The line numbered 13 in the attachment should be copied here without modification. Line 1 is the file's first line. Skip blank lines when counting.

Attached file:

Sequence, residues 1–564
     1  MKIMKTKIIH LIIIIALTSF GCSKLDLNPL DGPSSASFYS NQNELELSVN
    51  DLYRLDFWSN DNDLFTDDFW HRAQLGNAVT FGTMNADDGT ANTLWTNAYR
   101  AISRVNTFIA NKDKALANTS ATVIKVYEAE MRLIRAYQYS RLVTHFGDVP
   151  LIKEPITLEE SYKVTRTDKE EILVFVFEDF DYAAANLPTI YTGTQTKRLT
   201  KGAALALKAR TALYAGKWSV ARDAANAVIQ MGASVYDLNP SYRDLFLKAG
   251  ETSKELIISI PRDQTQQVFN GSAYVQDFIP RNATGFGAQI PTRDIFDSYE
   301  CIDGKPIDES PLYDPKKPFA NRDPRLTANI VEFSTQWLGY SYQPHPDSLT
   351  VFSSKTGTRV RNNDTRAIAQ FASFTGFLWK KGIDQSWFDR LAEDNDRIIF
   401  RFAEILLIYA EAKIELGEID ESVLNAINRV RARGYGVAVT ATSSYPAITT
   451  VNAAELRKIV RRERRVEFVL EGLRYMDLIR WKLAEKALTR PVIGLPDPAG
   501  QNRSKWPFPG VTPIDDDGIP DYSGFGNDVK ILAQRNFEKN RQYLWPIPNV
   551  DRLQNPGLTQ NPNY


   551  DRLQNPGLTQ NPNY